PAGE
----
India’s growing energy demand
According to the United Nations, 68% of the world population will live in urban areas by 2050 and a whopping 416 million will be Indian. This will immensely amplify the demand for energy.
India today is largely energy sufficient. The Government of India has made great progress in recent years in increasing citizens’ access to electricity. It is the third largest producer and consumer of electricity, with 370,348 MW installed capacity. However, our dependence on fossil fuels continues to be very high – around 62% of our energy usage.
“This is not to say that India has not made advances in the renewable energy sector. In fact, in recent years, India’s global stature has risen due to its commitment to sustainable growth. Our country’s focus is demonstrated, for example, by its role in establishing the International Solar Alliance in collaboration with France.”
The nation has set forth an ambitious target of building 175 GW of renewable energy capacity by 2022 and in line with this, has increased installed renewable capacity to 87.2 GW and solar capacity to 34 GW, up from 35 and 2.6 GW in 2014.
Important for smart street lighting to go the UJALA way
India’s infrastructure development plans are aligned to the ideas of sustainable growth and to the realities of rapidly urbanising regions.
One part of the plan is the 100 Smart Cities Mission, which is a major step in the right direction. A major urban renewal program funded by the Indian government, the Smart Cities Mission aims to develop citizen friendly and sustainable smart cities across the country. Just this year, five more cities were added to the list.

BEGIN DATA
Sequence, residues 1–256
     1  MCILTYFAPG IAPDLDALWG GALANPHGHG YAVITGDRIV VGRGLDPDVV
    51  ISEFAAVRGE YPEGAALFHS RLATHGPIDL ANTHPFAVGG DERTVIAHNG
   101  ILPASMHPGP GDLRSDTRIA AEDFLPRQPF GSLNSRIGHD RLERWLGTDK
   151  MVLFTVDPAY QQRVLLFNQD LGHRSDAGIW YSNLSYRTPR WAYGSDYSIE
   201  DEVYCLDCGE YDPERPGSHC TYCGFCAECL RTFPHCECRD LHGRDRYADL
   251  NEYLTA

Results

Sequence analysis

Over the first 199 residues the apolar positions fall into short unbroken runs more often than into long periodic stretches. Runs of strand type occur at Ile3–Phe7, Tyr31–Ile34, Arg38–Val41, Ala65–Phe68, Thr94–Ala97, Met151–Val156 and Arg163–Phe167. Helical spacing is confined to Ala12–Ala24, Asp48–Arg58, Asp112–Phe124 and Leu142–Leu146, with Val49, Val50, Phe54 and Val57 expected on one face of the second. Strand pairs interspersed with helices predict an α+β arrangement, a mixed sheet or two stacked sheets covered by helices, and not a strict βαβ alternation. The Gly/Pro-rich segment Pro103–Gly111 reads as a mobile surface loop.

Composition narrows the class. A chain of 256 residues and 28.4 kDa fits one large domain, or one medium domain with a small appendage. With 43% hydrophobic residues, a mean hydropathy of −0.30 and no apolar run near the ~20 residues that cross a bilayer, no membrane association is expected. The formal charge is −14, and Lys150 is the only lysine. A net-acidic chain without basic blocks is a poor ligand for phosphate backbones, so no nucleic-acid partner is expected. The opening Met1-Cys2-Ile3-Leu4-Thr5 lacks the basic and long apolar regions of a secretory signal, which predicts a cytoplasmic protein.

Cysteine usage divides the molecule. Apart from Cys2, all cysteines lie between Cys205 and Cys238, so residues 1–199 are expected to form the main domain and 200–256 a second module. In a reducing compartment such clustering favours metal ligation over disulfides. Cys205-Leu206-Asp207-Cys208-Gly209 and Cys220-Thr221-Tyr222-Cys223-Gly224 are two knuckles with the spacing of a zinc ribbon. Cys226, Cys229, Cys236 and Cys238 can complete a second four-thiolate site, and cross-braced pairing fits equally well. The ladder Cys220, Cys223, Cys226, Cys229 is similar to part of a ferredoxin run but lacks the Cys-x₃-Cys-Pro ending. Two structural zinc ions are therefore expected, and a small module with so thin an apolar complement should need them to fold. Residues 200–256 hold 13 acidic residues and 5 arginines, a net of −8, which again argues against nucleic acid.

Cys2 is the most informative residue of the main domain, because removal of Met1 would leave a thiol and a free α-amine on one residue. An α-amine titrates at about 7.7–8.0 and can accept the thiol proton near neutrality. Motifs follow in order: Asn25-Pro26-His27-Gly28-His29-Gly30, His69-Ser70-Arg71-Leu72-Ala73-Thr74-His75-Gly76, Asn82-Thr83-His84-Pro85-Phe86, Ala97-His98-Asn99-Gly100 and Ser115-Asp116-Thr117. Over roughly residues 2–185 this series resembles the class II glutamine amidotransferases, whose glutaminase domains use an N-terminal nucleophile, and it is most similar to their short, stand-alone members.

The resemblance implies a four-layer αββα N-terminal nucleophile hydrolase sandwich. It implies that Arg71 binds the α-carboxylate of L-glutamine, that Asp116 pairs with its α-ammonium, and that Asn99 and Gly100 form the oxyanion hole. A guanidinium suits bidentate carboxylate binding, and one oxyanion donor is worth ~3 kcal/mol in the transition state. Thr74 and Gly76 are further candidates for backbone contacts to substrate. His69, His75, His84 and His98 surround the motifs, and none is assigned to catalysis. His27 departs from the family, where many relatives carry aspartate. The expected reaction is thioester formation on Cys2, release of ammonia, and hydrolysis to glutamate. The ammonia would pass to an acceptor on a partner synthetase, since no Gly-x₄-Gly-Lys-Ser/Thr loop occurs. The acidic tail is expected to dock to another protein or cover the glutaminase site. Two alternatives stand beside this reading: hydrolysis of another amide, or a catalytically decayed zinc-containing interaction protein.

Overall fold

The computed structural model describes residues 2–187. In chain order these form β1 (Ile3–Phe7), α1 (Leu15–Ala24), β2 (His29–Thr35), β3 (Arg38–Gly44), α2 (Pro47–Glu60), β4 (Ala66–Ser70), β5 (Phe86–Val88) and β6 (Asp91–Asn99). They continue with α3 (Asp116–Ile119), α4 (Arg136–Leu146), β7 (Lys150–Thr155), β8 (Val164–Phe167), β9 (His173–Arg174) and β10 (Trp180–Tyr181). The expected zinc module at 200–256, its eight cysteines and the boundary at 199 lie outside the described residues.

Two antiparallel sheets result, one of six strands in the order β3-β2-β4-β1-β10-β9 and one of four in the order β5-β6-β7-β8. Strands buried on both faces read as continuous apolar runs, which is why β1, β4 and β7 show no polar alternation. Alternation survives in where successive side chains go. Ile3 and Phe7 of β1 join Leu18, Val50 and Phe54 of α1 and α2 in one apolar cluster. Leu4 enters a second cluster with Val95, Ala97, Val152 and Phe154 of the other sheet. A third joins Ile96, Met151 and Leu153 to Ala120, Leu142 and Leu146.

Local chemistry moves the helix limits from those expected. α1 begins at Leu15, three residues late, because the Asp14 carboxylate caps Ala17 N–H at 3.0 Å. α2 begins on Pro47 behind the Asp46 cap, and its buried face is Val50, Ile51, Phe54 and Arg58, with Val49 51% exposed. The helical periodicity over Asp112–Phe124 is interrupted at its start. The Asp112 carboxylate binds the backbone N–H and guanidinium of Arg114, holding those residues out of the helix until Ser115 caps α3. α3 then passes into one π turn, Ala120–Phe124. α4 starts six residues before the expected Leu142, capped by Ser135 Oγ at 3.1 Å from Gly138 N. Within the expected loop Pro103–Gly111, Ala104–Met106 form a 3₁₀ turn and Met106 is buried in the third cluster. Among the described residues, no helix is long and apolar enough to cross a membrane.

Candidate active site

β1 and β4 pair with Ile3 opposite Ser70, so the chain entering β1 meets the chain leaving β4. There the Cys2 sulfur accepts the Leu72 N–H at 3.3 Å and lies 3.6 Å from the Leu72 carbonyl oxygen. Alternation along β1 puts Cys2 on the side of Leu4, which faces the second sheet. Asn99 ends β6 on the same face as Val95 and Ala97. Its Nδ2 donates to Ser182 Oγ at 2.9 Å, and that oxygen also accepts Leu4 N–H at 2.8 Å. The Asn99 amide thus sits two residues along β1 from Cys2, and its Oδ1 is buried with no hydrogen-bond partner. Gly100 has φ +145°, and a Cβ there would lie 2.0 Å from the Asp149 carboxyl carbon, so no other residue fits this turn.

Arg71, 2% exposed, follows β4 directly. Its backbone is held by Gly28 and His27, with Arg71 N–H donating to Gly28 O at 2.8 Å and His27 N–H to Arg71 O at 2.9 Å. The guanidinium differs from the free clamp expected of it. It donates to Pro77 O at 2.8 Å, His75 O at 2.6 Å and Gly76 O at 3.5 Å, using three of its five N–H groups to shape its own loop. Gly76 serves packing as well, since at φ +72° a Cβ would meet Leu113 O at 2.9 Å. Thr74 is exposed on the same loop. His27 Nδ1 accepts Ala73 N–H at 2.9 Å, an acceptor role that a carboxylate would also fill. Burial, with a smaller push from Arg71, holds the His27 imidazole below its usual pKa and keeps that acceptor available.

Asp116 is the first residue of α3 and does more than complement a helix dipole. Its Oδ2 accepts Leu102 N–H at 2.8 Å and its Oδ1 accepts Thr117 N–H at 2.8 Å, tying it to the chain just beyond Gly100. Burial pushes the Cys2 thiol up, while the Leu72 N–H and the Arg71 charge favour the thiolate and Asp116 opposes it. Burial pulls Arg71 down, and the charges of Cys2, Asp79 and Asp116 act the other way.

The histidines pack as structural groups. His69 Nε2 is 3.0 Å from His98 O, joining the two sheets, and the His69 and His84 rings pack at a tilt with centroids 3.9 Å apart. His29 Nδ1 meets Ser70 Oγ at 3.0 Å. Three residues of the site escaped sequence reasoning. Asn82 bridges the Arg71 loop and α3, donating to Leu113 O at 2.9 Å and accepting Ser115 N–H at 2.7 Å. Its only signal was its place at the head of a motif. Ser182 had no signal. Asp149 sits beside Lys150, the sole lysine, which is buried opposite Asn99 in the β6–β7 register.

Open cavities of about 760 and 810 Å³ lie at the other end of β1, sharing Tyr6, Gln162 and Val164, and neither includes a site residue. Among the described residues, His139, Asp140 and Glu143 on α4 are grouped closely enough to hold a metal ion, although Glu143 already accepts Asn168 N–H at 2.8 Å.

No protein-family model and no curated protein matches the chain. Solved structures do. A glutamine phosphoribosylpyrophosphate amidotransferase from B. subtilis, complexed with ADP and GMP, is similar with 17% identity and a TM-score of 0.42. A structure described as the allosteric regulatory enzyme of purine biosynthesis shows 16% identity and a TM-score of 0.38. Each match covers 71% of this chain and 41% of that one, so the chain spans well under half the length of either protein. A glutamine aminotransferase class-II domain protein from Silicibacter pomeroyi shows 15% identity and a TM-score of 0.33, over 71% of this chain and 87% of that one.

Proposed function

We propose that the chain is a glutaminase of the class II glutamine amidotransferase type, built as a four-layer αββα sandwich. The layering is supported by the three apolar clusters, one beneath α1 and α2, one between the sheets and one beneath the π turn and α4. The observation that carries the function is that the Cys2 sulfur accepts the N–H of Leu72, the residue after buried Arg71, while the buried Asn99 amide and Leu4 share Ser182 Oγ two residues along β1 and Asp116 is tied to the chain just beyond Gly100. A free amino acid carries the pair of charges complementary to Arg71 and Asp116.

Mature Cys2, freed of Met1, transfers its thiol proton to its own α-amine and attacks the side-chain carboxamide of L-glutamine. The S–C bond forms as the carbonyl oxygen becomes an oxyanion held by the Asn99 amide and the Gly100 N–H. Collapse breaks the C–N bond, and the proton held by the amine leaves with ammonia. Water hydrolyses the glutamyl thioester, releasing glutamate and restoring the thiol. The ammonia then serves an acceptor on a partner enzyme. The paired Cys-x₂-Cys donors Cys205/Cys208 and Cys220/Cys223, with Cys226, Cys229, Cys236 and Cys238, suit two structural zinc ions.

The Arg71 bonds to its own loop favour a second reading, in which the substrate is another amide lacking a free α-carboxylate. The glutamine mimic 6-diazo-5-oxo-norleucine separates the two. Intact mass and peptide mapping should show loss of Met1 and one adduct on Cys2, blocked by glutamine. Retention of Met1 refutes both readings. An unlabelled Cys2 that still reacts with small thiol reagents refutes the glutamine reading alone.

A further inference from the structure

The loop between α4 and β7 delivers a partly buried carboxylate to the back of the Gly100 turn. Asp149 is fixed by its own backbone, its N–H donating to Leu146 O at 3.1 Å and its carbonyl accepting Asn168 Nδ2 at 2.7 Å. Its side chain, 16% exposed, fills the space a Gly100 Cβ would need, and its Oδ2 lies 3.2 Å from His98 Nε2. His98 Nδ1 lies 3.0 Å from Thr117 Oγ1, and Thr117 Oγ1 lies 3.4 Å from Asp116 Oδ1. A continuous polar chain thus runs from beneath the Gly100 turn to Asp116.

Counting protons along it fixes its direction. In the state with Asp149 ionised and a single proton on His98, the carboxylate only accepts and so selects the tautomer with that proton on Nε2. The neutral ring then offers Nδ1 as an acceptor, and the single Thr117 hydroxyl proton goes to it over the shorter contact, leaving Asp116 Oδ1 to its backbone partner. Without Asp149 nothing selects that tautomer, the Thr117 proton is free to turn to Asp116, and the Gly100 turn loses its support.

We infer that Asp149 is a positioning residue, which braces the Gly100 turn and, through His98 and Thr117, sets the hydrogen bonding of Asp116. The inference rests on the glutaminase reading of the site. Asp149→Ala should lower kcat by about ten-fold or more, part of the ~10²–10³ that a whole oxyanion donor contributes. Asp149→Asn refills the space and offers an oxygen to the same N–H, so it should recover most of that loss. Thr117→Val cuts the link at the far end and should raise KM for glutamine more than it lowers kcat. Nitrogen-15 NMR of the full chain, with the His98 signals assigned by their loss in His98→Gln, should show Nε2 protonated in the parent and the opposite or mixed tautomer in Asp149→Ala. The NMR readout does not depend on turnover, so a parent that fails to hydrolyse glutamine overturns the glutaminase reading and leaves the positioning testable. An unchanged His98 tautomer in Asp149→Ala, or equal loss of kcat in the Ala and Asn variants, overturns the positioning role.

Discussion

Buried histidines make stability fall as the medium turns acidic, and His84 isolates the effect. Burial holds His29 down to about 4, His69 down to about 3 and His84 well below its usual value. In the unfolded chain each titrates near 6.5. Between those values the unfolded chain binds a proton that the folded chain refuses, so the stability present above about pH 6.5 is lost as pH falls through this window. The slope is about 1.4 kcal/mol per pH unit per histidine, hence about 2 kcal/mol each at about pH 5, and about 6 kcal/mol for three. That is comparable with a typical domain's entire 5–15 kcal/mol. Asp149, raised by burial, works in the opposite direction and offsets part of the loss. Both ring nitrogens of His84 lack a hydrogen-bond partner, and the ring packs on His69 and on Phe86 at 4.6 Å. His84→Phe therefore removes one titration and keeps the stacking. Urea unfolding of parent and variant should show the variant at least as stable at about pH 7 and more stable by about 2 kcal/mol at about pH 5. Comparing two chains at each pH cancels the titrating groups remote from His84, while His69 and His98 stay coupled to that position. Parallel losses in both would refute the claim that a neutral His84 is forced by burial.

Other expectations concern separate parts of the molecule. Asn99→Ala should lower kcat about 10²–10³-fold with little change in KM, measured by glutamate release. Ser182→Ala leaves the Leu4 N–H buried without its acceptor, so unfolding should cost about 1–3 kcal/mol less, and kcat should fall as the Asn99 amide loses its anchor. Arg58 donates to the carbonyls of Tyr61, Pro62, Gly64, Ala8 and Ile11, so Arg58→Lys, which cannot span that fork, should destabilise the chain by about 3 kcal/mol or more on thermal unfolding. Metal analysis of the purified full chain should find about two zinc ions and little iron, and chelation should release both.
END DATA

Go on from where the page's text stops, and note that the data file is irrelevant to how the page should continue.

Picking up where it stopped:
Smart cities require smart street lighting systems, and India therefore needs a scalable smart street lighting initiative. The Indian Government’s UJALA domestic lighting initiative, which targets to replace 770 million incandescent bulbs with LED bulbs, could be used as the blueprint for this.
Under the initiative, over 36 Cr LEDs have been installed contributing to over 47,000 million kWh energy savings, over INR 18,800 Cr cost savings, and over 3.8 Cr Tonnes of CO2 reduction every year.
“Smart street lighting systems also have a tremendous potential of saving cost and energy, reducing carbon emissions, and light-up India’s way to sustainability.”
At Tata Communications, we are committed to making a positive, tangible impact on the environment and wider society through our actions, and through our products & services for our customers. One of the ways we are doing this is through our IoT enabled solutions, like smart street lighting which helps conserve energy, reduce costs and improve the environmental footprint
Smart street lighting in action
Tata Communications has deployed smart streetlights in several cities, including Noida, NCR, Ahmedabad, Nashik, and parts of Kolkata. Delhi already has around 80,000 smart streetlights, which have been live since August 2019.